Packing for camp is its own sub-special category.  Finding clothes for five days that you don’t care what condition they return in, ripped or stained, or better yet, lost.  Sandals, shower shoes, sneakers, a caddy for toiletries, sunblock and bug spray to round out the list.  Oh, and a flashlight, and extra batteries.  All of these things dutifully labelled so that the chances are better that you might get them back.  Ha.

We drove Wendy the four hours from our house in Vermont to camp.  She was excited and nervous.  I was nervous.  We got to camp and had to wait in line to see the nurse.  I had all of Wendy’s medications, i had filled out all of her paperwork, I had signed all the releases.  We had a cold pack for the liquids, a ziploc bag for the pills.  It took twenty minutes to go through everything, and while I did, Michael took Wendy to her bunk to make her bed and place her Teddy.

The time had come, time for us to leave.  Leave my little girl that had gone through so much, that I woke up every morning at 2 am to check her blood sugar, that I had spent every day fixing her meals, counting her carbs, giving her the right medications before and after her meals.  I was handing her off to smiling teenagers and a nurse.  I thought I might just die on the way home.  Wendy was very brave, she said her goodbyes, and went in the cabin, but before we got a few steps, she ran out and gave another hug and another kiss just to be sure.  She had tears in her eyes.  i had tears in my eyes.  Michael did too.

Then we left.

Ok, now it’s time to tell you the first thing we did when we got home.  Michael and I ate ice cream sundaes for dinner.  Mint chocolate chip ice cream, m-n-ms, hot fudge, whipped cream, and a cherry.  Something we could never do with a diabetic daughter.  We also went away for a night to the North Shore of Massachusetts.  We walked around Salem, famous for its witch trials, and popped into book shops and candy shops and read when we wanted to, ate when we wanted to, relaxed with no schedule of medicines or insulin.  We re-set, we relaxed, we re-energized.  Five days later, we were ready to get her.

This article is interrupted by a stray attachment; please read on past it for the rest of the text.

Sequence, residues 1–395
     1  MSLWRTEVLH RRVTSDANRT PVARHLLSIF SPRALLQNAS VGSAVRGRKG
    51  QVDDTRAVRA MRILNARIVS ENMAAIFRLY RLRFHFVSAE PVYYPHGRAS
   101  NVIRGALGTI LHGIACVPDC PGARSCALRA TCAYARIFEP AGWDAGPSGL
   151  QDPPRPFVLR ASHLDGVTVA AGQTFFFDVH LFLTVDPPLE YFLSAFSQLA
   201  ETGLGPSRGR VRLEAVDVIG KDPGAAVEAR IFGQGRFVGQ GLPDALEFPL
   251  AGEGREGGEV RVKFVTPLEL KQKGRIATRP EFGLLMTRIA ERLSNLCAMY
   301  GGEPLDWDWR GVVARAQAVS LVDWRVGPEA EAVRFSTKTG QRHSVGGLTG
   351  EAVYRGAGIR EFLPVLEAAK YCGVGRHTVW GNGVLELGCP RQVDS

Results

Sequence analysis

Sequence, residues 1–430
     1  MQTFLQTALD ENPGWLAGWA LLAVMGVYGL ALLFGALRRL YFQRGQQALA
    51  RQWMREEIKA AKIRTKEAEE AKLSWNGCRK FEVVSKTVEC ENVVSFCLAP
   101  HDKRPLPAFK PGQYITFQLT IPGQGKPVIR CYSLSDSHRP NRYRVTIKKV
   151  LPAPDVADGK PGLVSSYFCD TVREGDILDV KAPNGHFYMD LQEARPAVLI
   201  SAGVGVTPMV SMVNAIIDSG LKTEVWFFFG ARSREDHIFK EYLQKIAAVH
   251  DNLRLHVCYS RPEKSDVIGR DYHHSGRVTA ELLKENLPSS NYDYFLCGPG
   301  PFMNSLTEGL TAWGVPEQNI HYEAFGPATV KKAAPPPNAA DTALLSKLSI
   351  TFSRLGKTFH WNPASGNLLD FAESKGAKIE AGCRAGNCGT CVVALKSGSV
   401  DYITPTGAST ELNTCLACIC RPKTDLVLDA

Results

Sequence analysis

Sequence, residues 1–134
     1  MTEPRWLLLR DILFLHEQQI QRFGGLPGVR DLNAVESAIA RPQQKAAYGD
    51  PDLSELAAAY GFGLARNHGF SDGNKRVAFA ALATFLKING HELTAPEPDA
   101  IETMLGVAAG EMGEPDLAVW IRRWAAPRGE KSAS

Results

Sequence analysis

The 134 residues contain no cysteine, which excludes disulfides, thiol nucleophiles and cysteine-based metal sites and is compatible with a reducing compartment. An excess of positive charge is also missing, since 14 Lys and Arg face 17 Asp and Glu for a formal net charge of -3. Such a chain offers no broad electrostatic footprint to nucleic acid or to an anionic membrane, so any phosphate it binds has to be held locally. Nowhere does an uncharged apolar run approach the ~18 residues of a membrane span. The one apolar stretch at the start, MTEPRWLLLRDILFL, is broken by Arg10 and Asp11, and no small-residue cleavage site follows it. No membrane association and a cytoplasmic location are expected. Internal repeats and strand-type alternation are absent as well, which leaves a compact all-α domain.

I was so excited to go get Wendy from Campj I didn’t sleep the night before.  I had missed her, and I was ready to see her.  When we arrived, she was weeping, WEEPING, huge tears coming down her face, and I thought, “Oh My God, what have we done?”  We had made a mistake, she was too young, we should have waited.

Nope.

She was weeping because she didn’t want to leave.

Finally she had found a place where she didn’t have to explain blood sugars and insulin, or be different.  Everyone was like her.  Everyone checked at the same time, everyone got insulin at the same time, everyone knew the deal.  Wendy was one of many, even if she was the youngest one.  And they laugh, and sing, and make crafts, and play silly games, and go horseback riding, and have “hands free dinner” and are just kids without explanations. She had never been so happy since her illness began.  She begged us to let us stay longer, but it wasn’t possible that year.  The next year she went for two weeks, and has continued to do so for the many years after.

If I were to ask her where her favorite place on earth is, she would say camp.

So this week, I again lay out the dozen pairs of underwear, the dozen pairs of socks, the toiletries, the sandals, the sneakers, the flashlight with batteries, the bug spray.  Teddy still goes too.  And I miss her, I MISS HER.  Every day of those two weeks.  But I know that it’s good for her, it’s good for both of us, to have this experience.

(And Michael and I still have hot fudge sundaes for dinner on the first night she’s away.)